278. Notes of a Meeting of the Operations Coordinating Board0


[Here follows a brief summary of discussion of Yemen.]

2. Tibet (Confidential)

During the luncheon meeting the Board members had a general discussion of several aspects of the Tibet situation including the future of the Dalai Lama, exploitation of Chicom actions and the use of comments thereon by Asian and other leaders.

[Here follow brief summaries of discussion concerning a proposed information program on the NS Savannah and on Guinea.]

[Page 558]


1. Report and Operations Plan on Taiwan and the Government of the Republic of China (NSC 5723) 1 (Secret)

Assistant Secretary Walter S. Robertson and Mr. LaRue Lutkins, of the Office of Chinese Affairs, were present for the consideration of these agenda items by the OCB.

There was considerable discussion on the general situation in Taiwan and the implications of this situation for the U.S. position in the Far East. During this discussion, Mr. Robertson stated the following views, many of them in answer to questions of the Acting Chairman (Mr. Harr):

U.S. Far Eastern policy has been strengthened by U.S. actions in support of GRC forces in resisting ChiCom aggression, during the offshore island hostilities last summer.
The nations of the Far East were quite comprehending about the significance of U.S. action in support of the GRC.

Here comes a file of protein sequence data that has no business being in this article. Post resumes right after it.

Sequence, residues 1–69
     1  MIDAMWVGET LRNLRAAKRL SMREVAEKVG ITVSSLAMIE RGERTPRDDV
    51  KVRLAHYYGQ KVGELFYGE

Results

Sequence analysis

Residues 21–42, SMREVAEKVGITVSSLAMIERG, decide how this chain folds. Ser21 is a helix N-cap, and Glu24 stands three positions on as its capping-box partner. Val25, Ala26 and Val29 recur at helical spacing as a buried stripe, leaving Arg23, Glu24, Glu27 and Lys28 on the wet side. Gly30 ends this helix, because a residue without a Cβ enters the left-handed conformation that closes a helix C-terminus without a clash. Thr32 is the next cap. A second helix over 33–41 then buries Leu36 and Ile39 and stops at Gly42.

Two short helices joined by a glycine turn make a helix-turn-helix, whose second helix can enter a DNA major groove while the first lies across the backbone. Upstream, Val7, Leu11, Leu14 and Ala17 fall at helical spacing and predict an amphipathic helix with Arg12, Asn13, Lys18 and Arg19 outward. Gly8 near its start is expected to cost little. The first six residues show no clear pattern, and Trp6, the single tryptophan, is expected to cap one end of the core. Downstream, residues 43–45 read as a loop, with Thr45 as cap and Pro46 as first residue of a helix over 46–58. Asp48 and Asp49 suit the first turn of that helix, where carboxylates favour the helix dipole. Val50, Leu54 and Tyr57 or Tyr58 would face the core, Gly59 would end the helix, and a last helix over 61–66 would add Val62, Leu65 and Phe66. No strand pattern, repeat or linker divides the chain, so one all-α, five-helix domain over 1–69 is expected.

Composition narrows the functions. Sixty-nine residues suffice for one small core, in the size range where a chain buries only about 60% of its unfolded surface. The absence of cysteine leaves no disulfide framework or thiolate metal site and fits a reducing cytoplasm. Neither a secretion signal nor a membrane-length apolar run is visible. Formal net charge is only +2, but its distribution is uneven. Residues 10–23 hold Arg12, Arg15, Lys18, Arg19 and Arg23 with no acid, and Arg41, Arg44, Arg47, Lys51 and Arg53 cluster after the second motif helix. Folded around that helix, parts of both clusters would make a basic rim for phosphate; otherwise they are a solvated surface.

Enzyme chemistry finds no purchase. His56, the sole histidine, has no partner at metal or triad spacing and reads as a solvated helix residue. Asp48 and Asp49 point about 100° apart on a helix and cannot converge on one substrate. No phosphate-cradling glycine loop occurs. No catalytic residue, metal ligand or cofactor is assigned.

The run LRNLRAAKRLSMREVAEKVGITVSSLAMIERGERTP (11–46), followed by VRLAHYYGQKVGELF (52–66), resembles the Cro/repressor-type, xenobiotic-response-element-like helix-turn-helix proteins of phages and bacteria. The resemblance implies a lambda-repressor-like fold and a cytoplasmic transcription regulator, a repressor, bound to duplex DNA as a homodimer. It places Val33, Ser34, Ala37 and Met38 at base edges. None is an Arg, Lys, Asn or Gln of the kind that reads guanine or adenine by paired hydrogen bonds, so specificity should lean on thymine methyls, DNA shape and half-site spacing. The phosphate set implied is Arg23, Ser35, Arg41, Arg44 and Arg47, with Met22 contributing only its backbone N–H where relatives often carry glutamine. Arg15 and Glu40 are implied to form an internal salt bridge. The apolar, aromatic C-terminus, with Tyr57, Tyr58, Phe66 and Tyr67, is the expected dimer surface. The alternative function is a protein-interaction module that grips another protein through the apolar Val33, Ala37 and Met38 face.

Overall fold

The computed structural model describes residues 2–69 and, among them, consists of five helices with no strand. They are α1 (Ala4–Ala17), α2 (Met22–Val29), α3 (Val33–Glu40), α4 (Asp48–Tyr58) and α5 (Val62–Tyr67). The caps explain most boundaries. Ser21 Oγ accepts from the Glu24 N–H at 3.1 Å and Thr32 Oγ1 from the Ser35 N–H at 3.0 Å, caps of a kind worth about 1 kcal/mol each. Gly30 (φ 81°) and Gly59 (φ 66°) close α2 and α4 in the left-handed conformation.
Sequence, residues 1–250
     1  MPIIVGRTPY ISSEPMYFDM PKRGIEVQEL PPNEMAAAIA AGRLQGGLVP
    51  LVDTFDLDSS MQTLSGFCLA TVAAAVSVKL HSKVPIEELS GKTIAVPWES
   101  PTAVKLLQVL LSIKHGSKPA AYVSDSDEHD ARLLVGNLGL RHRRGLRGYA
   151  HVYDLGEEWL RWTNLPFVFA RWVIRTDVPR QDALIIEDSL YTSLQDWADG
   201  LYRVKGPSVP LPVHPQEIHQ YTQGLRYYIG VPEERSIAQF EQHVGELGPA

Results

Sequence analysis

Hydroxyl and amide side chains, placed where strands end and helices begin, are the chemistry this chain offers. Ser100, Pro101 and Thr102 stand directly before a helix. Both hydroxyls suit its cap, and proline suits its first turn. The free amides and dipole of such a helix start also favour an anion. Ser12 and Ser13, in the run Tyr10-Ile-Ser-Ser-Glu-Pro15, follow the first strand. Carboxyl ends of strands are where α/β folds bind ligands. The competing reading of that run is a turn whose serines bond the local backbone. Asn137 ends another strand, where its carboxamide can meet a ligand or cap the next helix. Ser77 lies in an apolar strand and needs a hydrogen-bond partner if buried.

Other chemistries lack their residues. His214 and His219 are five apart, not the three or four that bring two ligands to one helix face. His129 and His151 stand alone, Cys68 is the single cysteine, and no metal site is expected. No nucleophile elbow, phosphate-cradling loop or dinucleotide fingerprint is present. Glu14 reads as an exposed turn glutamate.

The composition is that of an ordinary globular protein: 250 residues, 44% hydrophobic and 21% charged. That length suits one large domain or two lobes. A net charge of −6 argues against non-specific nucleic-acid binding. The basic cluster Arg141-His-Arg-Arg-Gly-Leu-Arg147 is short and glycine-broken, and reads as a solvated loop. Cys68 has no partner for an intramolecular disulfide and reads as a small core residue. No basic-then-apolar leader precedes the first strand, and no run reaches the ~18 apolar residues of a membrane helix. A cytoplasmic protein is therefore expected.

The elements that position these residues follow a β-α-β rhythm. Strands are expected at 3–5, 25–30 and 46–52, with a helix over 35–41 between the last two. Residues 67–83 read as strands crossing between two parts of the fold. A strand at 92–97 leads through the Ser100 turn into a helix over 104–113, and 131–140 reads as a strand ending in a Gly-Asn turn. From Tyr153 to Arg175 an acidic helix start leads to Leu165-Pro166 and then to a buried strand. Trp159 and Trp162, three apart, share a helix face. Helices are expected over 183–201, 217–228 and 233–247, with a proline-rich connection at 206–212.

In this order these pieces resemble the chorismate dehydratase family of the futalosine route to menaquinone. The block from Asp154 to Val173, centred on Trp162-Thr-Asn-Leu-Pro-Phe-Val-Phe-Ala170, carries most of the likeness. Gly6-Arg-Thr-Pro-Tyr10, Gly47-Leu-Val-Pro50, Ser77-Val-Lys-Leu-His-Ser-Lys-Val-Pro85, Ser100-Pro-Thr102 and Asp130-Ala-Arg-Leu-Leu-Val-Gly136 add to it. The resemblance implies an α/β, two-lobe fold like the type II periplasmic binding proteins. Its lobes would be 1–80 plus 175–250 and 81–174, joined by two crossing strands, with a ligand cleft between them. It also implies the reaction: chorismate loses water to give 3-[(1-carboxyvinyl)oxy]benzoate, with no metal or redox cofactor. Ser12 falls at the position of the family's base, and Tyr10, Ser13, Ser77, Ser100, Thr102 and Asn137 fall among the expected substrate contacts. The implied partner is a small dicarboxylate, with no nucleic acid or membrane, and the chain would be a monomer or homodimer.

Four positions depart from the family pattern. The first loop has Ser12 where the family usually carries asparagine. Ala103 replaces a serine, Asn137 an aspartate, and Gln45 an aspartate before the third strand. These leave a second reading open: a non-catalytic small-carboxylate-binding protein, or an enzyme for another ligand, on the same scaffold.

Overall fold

The maintenance of the morale of the GRC is no “fiction” but a very real problem important to U.S. interests.
Despite the cost of assisting GRC forces financially, these forces actually represent a comparatively economical deterrent to any further aggression in such areas as Korea and Southeast Asia.
While the economic problems of Taiwan loom large, the small farmers and shopkeepers are relatively prosperous and realize that it is the GRC and the U.S. presence which is protecting them from ChiCom slavery, which they hear about from the mainland.
The defense of the off-shore islands last summer was, unfortunately, misinterpreted in some circles. The ChiComs had made it clear that their objectives were not only Quemoy and Matsu, but Taiwan itself, and, in fact, had made it clear that clearance of the Taiwan area of U.S. forces was also one of their objectives. Therefore, Mr. Robertson continued, the erroneous interpretation that U.S. action was at the risk of general hostilities over small off-shore islands was analogous to reasoning that a rampaging tiger could be deterred by sacrificing a village infant in hopes of protecting the village itself.

Mr. Murphy concluded the discussion by noting that the presentation had been an “excellent” one and that there should be no doubt that the objectives and courses of action outlined in the papers were the best for the U.S. to pursue under the circumstances.

The Board approved both the Report and the Operations Plan.2

Jeremiah J. O’Connor
  1. Source: Department of State, OCB Files: Lot 62 D 430, OCB Preliminary Notes. Secret.
  2. Reference is to two draft OCB documents, “Report on Taiwan and the Government of the Republic of China (NSC 5723)” and “Operations Plan for Taiwan and the Government of the Republic of China.” The final documents were dated April 15 and April 22, respectively. (Ibid., Taiwan, 1958–1959; see Supplement)
  3. Harr presented the report to the National Security Council at an NSC meeting on May 13. The memorandum of discussion by Boggs is in the Eisenhower Library, Whitman File, NSC Records.